Notable Science Quotes

Wildebeest, science advice for Trump, antibiotics, and more

By | September 1, 2017

IMAGE COURTESY OF CHRISTOPHER DUTTON

If every wildebeest was a penny, and you stacked the pennies, it would be two kilometers high. And those pennies are going to eat 4,000 to 5,000 tons of grass every day. That’s an enormous amount of biomass being consumed, digested, and redeposited in some way.

Grant Hopcraft, landscape ecologist at the University of Glasgow, who studies wildebeest migration in order to understand the animals’ interaction with their ecosystems (The Scientist, August 15)

 

Listen to experts better qualified than you are. Especially scientists. Be guided by evidence and reason, not gut feeling. By far the best way to assess evidence is the scientific method. Indeed, it is the only way if we interpret “scientific” broadly. In particular—since the matter is so urgent and it may already be too late—listen to scientists when they tell you about the looming catastrophe of climate change.

—Evolutionary biologist and author Richard Dawkins, when asked in a Scientific American interview what advice he would give to Donald Trump if he had the chance (August 10)

 

I’m simply stating that the distribution of preferences and abilities of men and women differ in part due to biological causes and that these differences may explain why we don’t see equal representation of women in tech and leadership.

—A memo, penned by software engineer James Damore, decrying what he calls “arbitrary social engineering” aimed at increasing workplace diversity at Google, which fired him after the document circulated first inside then outside the company (August 5)

 

It is impossible to consider this field of science without grappling with the flaws of the institution—and of the deification—of science itself. For example: It was argued to me this week that the Google memo failed to constitute hostile behavior because it cited peer-reviewed articles that suggest women have different brains. The well-known scientist who made this comment to me is both a woman and someone who knows quite well that “peer-reviewed” and “correct” are not interchangeable terms.

—University of Washington particle physicist and philosopher of science Chanda Prescod-Weinsten, criticizing what she calls the “shoddy science” that propped up Damore’s argument (August 9)

 

That’s never made any sense to me. Why would resistance arise if you stop using your antibiotics? In fact, I think the adage should be that in order to ensure increased likelihood that you will successfully treat your infection, you should complete your full course of antibiotics, but bear in mind that the risk you run is, the longer you use antibiotics, you increase your risk of developing resistance.

—MIT biologist Jim Collins, on the emerging understanding of the effects of finishing courses of antibiotics on the development of resistance in pathogens (The Scientist, August 11)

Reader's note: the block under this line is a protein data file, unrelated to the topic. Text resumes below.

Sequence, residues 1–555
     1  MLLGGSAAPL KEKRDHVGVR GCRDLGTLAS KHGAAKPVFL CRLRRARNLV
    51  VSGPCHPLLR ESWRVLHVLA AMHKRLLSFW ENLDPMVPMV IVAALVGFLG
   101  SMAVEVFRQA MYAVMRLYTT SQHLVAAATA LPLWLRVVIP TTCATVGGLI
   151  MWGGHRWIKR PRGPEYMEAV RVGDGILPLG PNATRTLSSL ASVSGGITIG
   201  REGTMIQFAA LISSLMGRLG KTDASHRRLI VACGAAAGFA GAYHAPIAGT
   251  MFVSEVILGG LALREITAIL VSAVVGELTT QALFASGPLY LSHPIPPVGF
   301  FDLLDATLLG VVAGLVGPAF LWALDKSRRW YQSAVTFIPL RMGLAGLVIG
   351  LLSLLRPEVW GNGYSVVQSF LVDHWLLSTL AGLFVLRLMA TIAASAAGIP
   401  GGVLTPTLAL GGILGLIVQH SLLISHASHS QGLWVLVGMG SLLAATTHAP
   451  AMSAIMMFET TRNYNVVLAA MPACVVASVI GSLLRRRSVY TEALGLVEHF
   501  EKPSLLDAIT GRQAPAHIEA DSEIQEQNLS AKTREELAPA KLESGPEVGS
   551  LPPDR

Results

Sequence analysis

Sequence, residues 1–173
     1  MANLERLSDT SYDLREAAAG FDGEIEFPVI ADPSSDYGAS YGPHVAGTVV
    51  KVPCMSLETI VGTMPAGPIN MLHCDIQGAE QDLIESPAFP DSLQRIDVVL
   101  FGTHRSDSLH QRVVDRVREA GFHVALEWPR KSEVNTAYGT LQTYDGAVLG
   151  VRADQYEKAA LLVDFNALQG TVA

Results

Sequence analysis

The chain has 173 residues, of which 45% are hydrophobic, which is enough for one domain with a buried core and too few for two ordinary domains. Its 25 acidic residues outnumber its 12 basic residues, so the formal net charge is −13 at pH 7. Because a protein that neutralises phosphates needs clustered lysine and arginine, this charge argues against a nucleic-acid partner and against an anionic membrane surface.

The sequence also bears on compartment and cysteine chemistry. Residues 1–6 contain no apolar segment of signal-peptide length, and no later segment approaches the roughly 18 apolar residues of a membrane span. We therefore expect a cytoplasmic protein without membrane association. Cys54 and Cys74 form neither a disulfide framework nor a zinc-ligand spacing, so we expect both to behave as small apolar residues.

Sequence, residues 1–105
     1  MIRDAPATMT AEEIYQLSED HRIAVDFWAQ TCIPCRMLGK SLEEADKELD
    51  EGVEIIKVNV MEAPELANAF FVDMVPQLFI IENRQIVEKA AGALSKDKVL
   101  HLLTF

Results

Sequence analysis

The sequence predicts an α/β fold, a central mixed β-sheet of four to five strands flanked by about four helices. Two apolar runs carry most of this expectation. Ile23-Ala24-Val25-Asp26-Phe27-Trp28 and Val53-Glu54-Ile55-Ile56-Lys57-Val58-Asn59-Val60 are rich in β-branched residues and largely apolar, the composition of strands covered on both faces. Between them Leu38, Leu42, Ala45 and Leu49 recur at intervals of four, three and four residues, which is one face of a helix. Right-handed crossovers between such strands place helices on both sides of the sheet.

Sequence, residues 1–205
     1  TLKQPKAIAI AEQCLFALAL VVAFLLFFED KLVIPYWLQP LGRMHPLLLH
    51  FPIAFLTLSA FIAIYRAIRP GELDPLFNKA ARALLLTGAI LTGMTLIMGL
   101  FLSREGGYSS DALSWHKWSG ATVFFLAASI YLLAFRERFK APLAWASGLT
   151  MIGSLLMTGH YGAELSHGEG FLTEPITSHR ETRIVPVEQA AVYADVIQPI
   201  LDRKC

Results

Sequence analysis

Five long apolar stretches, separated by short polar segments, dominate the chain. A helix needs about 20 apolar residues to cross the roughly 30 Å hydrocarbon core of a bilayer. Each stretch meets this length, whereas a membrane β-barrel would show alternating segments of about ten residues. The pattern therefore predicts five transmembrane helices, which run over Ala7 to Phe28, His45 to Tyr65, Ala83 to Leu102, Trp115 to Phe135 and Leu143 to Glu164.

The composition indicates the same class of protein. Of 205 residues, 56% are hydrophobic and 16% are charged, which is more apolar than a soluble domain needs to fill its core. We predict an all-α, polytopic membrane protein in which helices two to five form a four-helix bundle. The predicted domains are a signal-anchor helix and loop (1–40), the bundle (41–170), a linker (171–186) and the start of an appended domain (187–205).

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Avatar of: eaberry

eaberry

Posts: 3

September 5, 2017

" - That’s never made any sense to me. Why would resistance arise if you stop using your antibiotics? In fact, I think the adage should be that in order to ensure increased likelihood that you will successfully treat your infection, you should complete your full course of antibiotics, but bear in mind that the risk you run is, the longer you use antibiotics, you increase your risk of developing resistance. "

Actually this makes a lot of sense, although Collins's counter argument does also. It is not a case of black and white, but one where pros and cons have to be weighed. People should still follow doctors' orders. Consider:

When you start taking the drug, you have a large population of the pathogen, with a lot of diversity in sensitivity to the drug, but lets say none that are completely resistant. When you start taking the drug, you rapidly kill off most of the pathogens. Say 99% are killed and 1% is still viable, but not growing or reproducing, or doing so very slowly (bacteriostasis).  Under these conditions the chances for further resistance mutations to arise is very low, both due to the small number of organisms and the low rate of replication. Now you feel better and stop taking the drug. If you stop before 100% are killed, the remaining 1%, which will be the 1% with the highest resistance, will begin to multiply and repopulate the niche. Now the numbers and turnover rate are high, and new mutations will arise, with the population diversifying with respect to resistance. You could transmit these partially resistant bugs to someone else, or you might start feeling sick again (relapse due to premature termination of regimen). The doctor prescribes the same antibiotic, but this time it doesn't seem to work as well. After a week you're still not feeling so hot. Doc says increase the dose 5-fold, and that does seem to help. You start feeling better and stop taking the drug. Again 1% of the pathogens are still viable, and they are the ones with the highest level of resistance. You relapse again, and this time nothing works.

When scientists select for resistance mutations in the lab, for example to determine the target of a drug, the procedure is to start with a sublethal dose and gradually increase it. If you don't want to select for resistance, be sure to take a high enough dose and take it for long enough to eradicate the pathogen.

Of course there are counter-arguments. As long as you are taking the antibiotic, you are passing most of it into the sewer where it can induce drug resistance which can be transferred between various species and end up back in a pathogen. We have to hope that dilution in the sewer is such that it has no effect, which is probably the case in city sewers but maybe not in individual septic tanks.

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